day 08_exhibition_drawings: geometric model, crochet map
Cummulus_1664 is a cashmilon crochet surface prototype conceived as a multiplicity of catenary structures that hang from one another in a cascade that escalates by following the progression of subdivisions 0001-0002-0004-0008-0016-0064-1024. Cummulus_1664 follows the principle by which a surface hanging from another introduces a geometrical asymmetry that is only neutralized by the dominance of the gravitational forces that are embedded in the system as an undivided whole. Cummulus_1664 attempts both at preserving and at exaggerating this asymmetry from the behavior of the whole, firstly by fixing and secondly by increasing local curvilinearity through the systematic introduction of points in a crochet.
Under such premise, a simple crochet proliferation technique is used, on the one hand, as a means through which an over-determined surface curvature is geometrically constructed and materially ensured. The technique consists of a series of local proliferations of points, going from one to two at those instances where the surface curvature changes beyond the stretching capability of a textile, using material excess to control curvature differentials with precision. Increments in the number of points at each line of the crochet enable an increase in the length of a line as it curves along its trajectory within a surface, in such a way that the textile is indirectly controlled in its global curvature via cumulative local proliferations.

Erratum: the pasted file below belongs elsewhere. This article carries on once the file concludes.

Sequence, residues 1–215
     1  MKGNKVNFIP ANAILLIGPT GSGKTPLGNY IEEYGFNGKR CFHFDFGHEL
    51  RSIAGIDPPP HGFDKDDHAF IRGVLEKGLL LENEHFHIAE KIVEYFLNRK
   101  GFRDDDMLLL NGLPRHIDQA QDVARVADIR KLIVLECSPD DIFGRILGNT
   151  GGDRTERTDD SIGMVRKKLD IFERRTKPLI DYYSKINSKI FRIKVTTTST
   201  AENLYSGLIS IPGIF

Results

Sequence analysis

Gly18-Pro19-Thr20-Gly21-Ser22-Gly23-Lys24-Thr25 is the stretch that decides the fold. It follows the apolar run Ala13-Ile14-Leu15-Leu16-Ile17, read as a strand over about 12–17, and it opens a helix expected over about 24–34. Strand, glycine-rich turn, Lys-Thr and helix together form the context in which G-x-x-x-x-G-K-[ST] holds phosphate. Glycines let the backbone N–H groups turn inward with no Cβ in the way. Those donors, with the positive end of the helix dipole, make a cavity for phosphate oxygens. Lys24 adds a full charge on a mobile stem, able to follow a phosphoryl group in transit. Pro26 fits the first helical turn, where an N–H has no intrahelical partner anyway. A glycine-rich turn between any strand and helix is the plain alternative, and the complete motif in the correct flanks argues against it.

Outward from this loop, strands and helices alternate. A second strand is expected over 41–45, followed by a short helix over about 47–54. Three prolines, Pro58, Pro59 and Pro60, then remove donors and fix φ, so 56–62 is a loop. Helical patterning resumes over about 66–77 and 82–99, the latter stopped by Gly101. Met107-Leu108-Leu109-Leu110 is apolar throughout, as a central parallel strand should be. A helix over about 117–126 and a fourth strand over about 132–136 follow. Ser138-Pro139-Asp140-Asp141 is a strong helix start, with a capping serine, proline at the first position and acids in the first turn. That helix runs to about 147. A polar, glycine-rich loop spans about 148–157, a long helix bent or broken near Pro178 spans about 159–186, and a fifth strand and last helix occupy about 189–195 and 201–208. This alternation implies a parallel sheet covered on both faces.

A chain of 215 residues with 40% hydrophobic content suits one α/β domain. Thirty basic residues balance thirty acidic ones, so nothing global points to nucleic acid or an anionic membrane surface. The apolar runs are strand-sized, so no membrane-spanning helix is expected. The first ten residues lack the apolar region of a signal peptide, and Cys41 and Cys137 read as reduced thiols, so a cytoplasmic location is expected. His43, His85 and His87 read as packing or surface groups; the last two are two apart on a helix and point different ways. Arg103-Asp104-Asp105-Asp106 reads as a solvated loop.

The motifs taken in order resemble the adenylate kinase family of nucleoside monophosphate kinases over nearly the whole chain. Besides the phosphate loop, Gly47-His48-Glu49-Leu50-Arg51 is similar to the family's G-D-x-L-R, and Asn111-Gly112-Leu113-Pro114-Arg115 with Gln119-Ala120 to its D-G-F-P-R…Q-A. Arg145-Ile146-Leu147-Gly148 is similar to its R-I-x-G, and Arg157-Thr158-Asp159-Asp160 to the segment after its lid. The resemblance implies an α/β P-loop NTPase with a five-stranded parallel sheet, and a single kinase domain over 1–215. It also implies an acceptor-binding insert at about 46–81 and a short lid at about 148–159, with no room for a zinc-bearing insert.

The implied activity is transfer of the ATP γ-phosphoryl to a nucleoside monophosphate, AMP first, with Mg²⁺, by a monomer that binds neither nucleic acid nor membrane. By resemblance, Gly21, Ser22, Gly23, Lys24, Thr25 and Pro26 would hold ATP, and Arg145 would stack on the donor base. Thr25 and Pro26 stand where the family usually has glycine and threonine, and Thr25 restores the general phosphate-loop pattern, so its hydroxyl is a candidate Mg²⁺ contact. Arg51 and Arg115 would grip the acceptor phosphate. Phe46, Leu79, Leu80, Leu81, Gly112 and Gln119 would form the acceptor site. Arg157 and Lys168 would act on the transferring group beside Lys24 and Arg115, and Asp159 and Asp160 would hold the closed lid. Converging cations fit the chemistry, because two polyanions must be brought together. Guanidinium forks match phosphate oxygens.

On the other hand, the proliferation pattern is not only used as a means of geometric control but also as a seed to paradoxically lose control through the same means that enable control, thus engendering a consistent mechanism of expression and nonlinear behavior. The exaggeration of curvature via the excessive increment of points in turn produces the emergence of local wrinkles and their distribution across the surface in a consistently variable manner. Such increment is exploited to engender a variety of traits and to articulate an overall cloud-like effect through the control of density. Counter-intuitive rigidity to deformation is produced at a local level, working against any gravitational intuition.
Cummulus_1664 projects a number of resemblances to well-known natural formations – broccolis, cauliflowers, brains, wombs, intestines, turbulences, etc, but beyond this, it brings about an irreducible semblance of geometric exuberance, thus working as an abstract means of resonance and proliferation of meanings. Cummulus_1664 is designed to occupy the central space of the Museum of Contemporary Arts in Denver, in the context of the exhibition ‘Energy Effects, Arts and Artifacts from the Landscape of Glorious Excess’. Its occupation reduces such abstract spectrum to a single slippery figure that, under the incidence of natural light, overwhelms the space from above with an intangible, warm, dense atmosphere.